Since the late 1970s there has been vigorous activity in constructing highly constrained grammatical systems by eliminating the transformational component either totally or partially. There is increasing recognition of the fact that the entire range of dependencies that transformational grammars in their various incarnations have tried to account for can be captured satisfactorily by classes of rules that are nontransformational and at the same time highly constrained in terms of the classes of grammars and languages they define.
Two types of dependencies are especially important: subcategorization and filler-gap dependencies. Moreover, these dependencies can be unbounded. One of the motivations for transformations was to account for unbounded dependencies. The so-called nontransformational grammars account for the unbounded dependencies in different ways. In a tree adjoining grammar (TAG) unboundedness is achieved by factoring the dependencies and recursion in a novel and linguistically interesting manner. All dependencies are defined on a finite set of basic structures (trees), which are bounded. Unboundedness is then a corollary of a particular composition operation called adjoining. There are thus no unbounded dependencies in a sense.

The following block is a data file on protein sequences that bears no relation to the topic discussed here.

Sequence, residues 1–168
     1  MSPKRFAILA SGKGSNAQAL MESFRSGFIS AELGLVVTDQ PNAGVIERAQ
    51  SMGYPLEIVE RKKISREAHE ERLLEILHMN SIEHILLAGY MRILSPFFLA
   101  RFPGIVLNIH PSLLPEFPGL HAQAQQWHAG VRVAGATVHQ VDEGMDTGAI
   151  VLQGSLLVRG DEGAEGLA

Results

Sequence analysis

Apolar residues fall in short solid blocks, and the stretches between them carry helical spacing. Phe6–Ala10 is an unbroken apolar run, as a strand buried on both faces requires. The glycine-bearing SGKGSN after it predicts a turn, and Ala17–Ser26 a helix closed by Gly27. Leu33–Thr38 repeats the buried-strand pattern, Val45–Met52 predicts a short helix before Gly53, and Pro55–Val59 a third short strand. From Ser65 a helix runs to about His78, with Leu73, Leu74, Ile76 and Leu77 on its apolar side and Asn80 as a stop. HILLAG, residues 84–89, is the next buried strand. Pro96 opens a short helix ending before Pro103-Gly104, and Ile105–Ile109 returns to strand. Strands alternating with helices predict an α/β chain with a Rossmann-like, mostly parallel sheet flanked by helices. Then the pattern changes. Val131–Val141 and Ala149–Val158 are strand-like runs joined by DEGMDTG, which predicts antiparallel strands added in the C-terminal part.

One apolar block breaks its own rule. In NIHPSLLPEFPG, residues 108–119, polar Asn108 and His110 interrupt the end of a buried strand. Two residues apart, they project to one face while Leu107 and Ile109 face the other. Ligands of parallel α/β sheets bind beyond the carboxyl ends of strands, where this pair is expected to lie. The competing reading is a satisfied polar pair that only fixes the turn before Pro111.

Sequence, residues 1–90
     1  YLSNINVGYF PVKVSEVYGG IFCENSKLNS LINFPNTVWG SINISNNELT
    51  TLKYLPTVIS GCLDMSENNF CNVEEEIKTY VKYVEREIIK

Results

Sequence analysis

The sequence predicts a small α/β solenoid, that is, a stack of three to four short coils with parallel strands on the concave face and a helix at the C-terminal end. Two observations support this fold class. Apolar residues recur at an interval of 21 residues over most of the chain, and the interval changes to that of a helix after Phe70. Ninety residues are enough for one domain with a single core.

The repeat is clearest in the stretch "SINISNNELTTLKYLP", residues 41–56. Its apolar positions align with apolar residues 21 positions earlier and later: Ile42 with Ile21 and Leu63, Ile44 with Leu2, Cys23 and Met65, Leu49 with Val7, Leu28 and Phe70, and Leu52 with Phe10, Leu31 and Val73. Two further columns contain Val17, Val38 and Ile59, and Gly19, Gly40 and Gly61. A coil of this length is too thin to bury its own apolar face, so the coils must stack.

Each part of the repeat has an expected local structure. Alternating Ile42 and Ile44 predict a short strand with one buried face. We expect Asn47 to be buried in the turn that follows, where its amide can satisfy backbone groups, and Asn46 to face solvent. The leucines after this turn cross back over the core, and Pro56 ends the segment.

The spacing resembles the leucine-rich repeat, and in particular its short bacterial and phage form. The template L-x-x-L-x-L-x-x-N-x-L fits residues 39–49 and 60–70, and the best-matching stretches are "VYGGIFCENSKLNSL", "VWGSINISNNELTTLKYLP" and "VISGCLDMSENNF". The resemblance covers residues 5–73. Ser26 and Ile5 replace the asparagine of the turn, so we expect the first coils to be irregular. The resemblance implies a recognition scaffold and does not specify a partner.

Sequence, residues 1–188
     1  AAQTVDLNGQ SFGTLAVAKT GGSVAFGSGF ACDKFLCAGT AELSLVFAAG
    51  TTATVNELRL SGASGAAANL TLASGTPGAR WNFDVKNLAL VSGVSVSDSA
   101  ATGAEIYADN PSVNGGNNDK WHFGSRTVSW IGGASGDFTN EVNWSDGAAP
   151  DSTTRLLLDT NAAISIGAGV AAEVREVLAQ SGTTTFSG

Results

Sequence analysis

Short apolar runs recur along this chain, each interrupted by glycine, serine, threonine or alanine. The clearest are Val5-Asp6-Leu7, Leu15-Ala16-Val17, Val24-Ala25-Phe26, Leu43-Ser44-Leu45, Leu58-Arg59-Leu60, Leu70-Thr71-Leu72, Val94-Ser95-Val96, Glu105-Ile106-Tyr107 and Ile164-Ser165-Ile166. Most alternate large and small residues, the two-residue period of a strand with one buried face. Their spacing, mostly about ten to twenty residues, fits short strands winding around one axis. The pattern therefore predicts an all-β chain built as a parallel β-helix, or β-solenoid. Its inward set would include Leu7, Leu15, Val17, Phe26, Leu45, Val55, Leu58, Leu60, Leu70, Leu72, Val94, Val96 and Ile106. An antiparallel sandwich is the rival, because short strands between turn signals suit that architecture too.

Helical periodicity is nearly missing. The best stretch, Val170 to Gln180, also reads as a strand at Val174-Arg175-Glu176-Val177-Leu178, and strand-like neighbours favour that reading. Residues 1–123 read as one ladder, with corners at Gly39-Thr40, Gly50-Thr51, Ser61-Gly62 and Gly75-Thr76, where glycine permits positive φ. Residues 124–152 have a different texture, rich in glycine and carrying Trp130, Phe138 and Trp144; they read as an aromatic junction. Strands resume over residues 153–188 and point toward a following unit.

This factoring of recursion and dependencies is in contrast to transformational grammars (TG), where recursion is defined in the base and the transformations essentially carry out the checking of the dependencies. The phrase linking grammars (PLGs) (Peters and Ritchie, 1982) and the lexical functional grammars (LFGs) (Kaplan and Bresnan, 1983) share this aspect of TGs; that is, recursion builds up a set a structures, some of which are then filtered out by transformations in a TG, by the constraints on linking in a PLG, and by the constraints introduced via the functional structures in an LFG.
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